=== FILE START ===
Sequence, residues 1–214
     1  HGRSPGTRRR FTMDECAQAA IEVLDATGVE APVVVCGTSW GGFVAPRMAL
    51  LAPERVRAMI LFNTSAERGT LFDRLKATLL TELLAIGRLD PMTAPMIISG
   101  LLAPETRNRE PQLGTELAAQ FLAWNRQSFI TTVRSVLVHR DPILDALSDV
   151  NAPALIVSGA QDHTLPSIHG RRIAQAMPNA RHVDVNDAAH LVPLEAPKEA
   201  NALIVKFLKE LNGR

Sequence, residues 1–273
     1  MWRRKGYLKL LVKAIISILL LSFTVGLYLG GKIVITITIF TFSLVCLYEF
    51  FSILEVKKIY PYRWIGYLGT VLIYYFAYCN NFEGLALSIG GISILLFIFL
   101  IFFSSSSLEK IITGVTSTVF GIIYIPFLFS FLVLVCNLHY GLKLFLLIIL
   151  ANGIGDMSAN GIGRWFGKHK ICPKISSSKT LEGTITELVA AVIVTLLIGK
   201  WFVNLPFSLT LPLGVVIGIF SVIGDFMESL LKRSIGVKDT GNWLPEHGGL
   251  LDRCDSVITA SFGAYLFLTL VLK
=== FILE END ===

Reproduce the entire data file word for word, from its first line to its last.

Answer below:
Sequence, residues 1–214
     1  HGRSPGTRRR FTMDECAQAA IEVLDATGVE APVVVCGTSW GGFVAPRMAL
    51  LAPERVRAMI LFNTSAERGT LFDRLKATLL TELLAIGRLD PMTAPMIISG
   101  LLAPETRNRE PQLGTELAAQ FLAWNRQSFI TTVRSVLVHR DPILDALSDV
   151  NAPALIVSGA QDHTLPSIHG RRIAQAMPNA RHVDVNDAAH LVPLEAPKEA
   201  NALIVKFLKE LNGR

Sequence, residues 1–273
     1  MWRRKGYLKL LVKAIISILL LSFTVGLYLG GKIVITITIF TFSLVCLYEF
    51  FSILEVKKIY PYRWIGYLGT VLIYYFAYCN NFEGLALSIG GISILLFIFL
   101  IFFSSSSLEK IITGVTSTVF GIIYIPFLFS FLVLVCNLHY GLKLFLLIIL
   151  ANGIGDMSAN GIGRWFGKHK ICPKISSSKT LEGTITELVA AVIVTLLIGK
   201  WFVNLPFSLT LPLGVVIGIF SVIGDFMESL LKRSIGVKDT GNWLPEHGGL
   251  LDRCDSVITA SFGAYLFLTL VLK